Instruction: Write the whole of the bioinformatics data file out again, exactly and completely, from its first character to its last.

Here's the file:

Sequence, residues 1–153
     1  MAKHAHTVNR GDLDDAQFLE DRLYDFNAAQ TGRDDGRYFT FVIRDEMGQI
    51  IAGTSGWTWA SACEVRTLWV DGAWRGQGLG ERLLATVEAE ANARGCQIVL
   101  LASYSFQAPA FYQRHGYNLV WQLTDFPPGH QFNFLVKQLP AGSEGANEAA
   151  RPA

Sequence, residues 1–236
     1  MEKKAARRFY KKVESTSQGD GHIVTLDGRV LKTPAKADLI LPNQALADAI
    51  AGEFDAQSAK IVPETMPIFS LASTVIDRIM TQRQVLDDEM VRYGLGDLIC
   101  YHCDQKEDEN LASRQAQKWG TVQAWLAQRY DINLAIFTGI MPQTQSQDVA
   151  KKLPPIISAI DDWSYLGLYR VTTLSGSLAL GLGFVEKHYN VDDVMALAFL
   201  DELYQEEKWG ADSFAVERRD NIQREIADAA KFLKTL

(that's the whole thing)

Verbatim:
Sequence, residues 1–153
     1  MAKHAHTVNR GDLDDAQFLE DRLYDFNAAQ TGRDDGRYFT FVIRDEMGQI
    51  IAGTSGWTWA SACEVRTLWV DGAWRGQGLG ERLLATVEAE ANARGCQIVL
   101  LASYSFQAPA FYQRHGYNLV WQLTDFPPGH QFNFLVKQLP AGSEGANEAA
   151  RPA

Sequence, residues 1–236
     1  MEKKAARRFY KKVESTSQGD GHIVTLDGRV LKTPAKADLI LPNQALADAI
    51  AGEFDAQSAK IVPETMPIFS LASTVIDRIM TQRQVLDDEM VRYGLGDLIC
   101  YHCDQKEDEN LASRQAQKWG TVQAWLAQRY DINLAIFTGI MPQTQSQDVA
   151  KKLPPIISAI DDWSYLGLYR VTTLSGSLAL GLGFVEKHYN VDDVMALAFL
   201  DELYQEEKWG ADSFAVERRD NIQREIADAA KFLKTL